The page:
A lot or a little?
The parents' guide to what's in this movie.
What parents need to know
Parents need to know that Holly Star is a 2018 holiday-themed romantic comedy in which a down-on-her-luck puppeteer returns to her hometown for the holidays and gets caught up in a treasure hunt. Expect a fair amount of drinking throughout, including scenes in which characters drink in bars then stumble home, a grandmother who drinks from a flask, and a Santa puppet who drinks from a flask and falls over while slurring his speech. Cigar smoking. Some mild profanity throughout ("t-t," "son of a bitch," "damn"). A woman, in the hopes of scaring her friend into remembering more about the buried treasure, dresses like a robber and wields a firearm that's shortly after revealed to be a paintball gun. Kissing.
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What's the story?
In HOLLY STAR, Sloan is trying to make it as a puppeteer in New York City, but loses her job working for an advertising agency mere days before Christmas. Broke and depressed, she returns to her Maine hometown. Despite her parents being on a cruise, Sloan reconnects with her free-spirited grandmother, her best friend Kay K., an over-exuberant security guard and paintball enthusiast, and Andy Skillin, a guy she went to high school with who now works at the local Christmas tree lot. As she revisits her old friends and hometown, Sloan starts having a recurring vision concerning her late grandfather and hidden money. While the vision remains vague, it tends to reemerge and become clearer whenever Sloan is frightened. Meanwhile, in order to bring in some money to pay off her car getting towed, Sloan starts working with Skillin at the Christmas tree lot, rekindling a high school attraction that never quite went away. With the help of the ever-vigilant Kay K., Sloan tries to fill in the missing pieces of this vision of the missing money, even as she begins to question her priorities and what truly matters during the holidays and in life.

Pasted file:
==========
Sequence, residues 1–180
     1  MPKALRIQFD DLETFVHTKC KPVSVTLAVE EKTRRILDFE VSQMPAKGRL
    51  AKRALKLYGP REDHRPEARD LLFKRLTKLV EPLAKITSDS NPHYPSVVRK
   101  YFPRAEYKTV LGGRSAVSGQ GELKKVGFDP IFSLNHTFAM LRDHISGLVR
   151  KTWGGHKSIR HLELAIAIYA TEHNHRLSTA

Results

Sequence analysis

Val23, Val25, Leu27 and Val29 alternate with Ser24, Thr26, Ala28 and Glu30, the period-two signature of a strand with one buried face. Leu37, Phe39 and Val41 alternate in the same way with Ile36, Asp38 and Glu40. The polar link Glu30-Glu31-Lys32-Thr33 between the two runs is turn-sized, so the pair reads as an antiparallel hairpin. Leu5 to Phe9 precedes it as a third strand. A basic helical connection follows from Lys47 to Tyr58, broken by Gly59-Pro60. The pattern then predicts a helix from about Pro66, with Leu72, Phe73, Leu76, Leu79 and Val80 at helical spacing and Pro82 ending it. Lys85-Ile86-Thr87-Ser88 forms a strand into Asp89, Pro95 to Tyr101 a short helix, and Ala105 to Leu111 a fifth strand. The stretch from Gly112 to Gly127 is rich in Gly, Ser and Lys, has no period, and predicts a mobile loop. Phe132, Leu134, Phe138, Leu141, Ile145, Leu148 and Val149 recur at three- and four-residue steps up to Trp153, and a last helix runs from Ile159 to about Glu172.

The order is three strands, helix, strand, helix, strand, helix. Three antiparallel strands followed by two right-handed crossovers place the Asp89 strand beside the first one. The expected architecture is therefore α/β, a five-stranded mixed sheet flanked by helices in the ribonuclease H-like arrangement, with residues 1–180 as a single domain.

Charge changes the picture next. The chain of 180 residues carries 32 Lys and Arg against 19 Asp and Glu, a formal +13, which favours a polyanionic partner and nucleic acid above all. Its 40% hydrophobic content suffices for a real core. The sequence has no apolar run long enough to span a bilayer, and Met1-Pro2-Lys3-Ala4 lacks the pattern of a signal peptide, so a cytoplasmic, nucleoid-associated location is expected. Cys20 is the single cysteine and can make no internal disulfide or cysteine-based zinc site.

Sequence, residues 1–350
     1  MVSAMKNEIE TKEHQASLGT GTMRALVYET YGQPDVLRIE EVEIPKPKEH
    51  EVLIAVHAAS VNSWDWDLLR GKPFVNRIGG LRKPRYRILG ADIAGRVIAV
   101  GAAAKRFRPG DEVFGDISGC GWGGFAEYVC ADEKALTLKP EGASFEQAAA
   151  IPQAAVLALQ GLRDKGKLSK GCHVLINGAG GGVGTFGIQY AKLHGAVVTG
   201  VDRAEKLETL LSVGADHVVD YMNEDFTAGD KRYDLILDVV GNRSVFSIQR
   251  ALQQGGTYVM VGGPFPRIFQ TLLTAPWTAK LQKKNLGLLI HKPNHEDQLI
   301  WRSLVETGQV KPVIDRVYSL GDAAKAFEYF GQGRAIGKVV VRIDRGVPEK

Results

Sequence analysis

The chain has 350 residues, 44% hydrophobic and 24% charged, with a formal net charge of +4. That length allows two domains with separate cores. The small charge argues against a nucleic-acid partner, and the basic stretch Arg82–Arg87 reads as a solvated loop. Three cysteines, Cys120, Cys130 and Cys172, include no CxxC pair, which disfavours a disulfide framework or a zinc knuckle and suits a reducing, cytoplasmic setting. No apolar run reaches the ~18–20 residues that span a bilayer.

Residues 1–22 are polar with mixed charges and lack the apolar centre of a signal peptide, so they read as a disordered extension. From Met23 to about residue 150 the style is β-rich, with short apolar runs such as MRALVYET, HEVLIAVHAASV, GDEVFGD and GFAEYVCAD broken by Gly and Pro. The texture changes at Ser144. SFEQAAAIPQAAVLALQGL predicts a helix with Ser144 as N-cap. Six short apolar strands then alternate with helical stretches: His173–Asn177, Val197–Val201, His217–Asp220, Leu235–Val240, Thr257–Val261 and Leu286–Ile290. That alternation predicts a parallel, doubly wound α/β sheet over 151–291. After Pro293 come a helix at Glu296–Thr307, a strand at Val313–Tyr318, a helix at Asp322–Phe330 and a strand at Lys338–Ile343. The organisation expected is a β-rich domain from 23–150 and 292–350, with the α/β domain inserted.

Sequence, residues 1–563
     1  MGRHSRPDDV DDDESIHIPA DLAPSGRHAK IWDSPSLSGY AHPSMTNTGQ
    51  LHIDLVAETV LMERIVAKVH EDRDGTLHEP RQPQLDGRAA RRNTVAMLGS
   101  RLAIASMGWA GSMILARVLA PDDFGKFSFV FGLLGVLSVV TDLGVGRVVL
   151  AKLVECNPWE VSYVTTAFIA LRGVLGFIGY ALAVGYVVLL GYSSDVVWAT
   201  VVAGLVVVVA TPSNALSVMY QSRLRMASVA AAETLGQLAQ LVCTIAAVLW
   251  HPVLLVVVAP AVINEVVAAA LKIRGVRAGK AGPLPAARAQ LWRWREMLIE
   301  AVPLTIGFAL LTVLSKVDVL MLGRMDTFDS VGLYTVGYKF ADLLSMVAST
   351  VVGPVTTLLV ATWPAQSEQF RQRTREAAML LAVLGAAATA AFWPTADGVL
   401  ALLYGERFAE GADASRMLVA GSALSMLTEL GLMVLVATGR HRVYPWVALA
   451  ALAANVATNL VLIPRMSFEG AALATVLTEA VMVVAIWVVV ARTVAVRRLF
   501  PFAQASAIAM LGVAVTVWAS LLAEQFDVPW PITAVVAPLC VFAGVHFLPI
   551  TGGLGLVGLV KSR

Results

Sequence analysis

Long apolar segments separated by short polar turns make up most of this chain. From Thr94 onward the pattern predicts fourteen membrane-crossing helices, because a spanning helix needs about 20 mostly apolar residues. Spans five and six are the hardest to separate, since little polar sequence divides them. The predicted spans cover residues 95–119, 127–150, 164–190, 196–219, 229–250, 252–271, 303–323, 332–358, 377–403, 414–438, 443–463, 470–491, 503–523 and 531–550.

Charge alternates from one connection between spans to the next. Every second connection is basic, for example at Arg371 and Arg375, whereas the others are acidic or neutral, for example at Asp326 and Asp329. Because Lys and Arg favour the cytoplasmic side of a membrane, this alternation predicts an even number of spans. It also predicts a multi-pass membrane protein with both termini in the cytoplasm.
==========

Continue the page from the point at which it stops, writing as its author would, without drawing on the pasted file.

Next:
Is it any good?
While this has some talented acting and dry humor to prevent it from being as saccharine as other holiday romcoms, it never quite goes beyond the limitations of both genres. There just isn't enough there to go beyond stories and characters we've seen so many times before. There's the lead character, home for the holidays in her rural small town after struggling and failing to find success in "the big city." There's her best friend, who at best is a stock "weird" character and at worst comes off like an unfunny creation from a failing improv troupe. We have the grandmother who prefers drinking from a flask and dancing the tango over Bingo. And, finally, the nice guy who stayed in town after college and sees the good in the little town that the harried urbanite lead character might have forgotten about.
Holly Star is the kind of movie that tries to break the mold of the genres it works with while being completely constrained by them. As a romcom and holiday fare, it's easy enough to suss out the overall themes, even with curve balls like treasure hunts thrown into the mix. While it does its best to avoid the kind of sentimentality that is the Hallmark Channel's stock in trade, it never really escapes the tropes and cliches of other "home for the holidays" movies.
Talk to your kids about ...
Families can talk about romantic comedies. How does this compare to other romantic comedies you've seen?
How does Holly Star compare to other Christmas movies you've seen? Why do so many holiday movies have a romantic element?
How are the elderly shown in the movie? How are the elderly are often portrayed in movies and TV shows?
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Common Sense Media's unbiased ratings are created by expert reviewers and aren't influenced by the product's creators or by any of our funders, affiliates, or partners.
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